Extreme Heat Will Stifle US Economy, Fed Study Says

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A recent study conducted by the Federal Reserve Bank of San Francisco predicts that extreme heat will have a negative impact on the US economy. The study highlights that the construction sector, which contributes significantly to the country’s economic output and employs a large number of outdoor workers, will be particularly vulnerable. The research suggests that if no significant measures are taken to reduce carbon emissions, the capital stock could decrease by 5.4% and annual consumption by 1.8% by the year 2200. These findings emphasize the urgent need for action to mitigate the effects of climate change on the economy.
According to the study, the number of days per year in which outdoor workers will experience heat stress above safety thresholds for “heavy work” is expected to increase significantly by the end of the century. The projections indicate that this figure will rise from 22 days in 2020 to approximately 80 days by 2100.

In order to assess the potential impact of labor productivity losses due to extreme heat on the economy, the authors analyzed economic output from 1950 to 2019 across five sectors. The services and manufacturing sectors were found to have the largest role, as most work in these sectors is conducted indoors with climate control. However, construction constitutes the largest share of the remaining outdoor sectors, which also include agriculture and mining, in terms of US output.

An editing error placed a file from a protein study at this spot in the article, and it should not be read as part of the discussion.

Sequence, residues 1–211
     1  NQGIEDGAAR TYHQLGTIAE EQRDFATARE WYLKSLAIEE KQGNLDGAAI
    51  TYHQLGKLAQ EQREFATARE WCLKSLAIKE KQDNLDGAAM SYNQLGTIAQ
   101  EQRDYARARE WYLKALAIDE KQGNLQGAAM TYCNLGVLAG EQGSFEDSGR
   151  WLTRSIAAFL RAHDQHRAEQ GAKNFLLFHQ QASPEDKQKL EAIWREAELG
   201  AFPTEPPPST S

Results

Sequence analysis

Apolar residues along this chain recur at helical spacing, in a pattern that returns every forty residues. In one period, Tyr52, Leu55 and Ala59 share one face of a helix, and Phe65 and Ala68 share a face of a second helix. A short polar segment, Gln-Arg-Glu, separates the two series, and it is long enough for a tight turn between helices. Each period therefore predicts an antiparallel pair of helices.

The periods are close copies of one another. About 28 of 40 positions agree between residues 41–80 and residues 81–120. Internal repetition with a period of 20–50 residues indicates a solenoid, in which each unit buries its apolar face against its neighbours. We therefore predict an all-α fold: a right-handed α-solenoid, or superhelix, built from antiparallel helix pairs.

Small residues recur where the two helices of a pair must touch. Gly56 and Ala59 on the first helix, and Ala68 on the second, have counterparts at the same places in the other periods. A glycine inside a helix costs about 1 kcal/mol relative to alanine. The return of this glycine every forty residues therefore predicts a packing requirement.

The authors of the study developed a model to analyze the impact of sector-specific productivity on macroeconomic outcomes. According to the paper, the construction industry plays a significant role in US investment, and any decline in productivity in this sector would have long-term effects on the economy by impeding capital accumulation.

The researchers conducted a comparison of the capital stock in two scenarios. In one scenario, there is no increase in extreme heat exposure beyond 2019, while in the other scenario, the number of extreme heat days rises to 80 by 2100.

The study found that future increases in extreme heat would lead to a decrease in the capital stock of approximately 1.4% by 2100 and 5.4% by 2200. This reduction in the capital stock hampers the economy’s ability to generate output, resulting in a decrease in consumption. Therefore, the study concludes that extreme heat reduces annual consumption by 0.5% in 2100 and 1.8% in 2200.
The authors did mention some important considerations. Companies and employees might explore alternatives such as shifting production to cooler regions or scheduling work during cooler times of the day.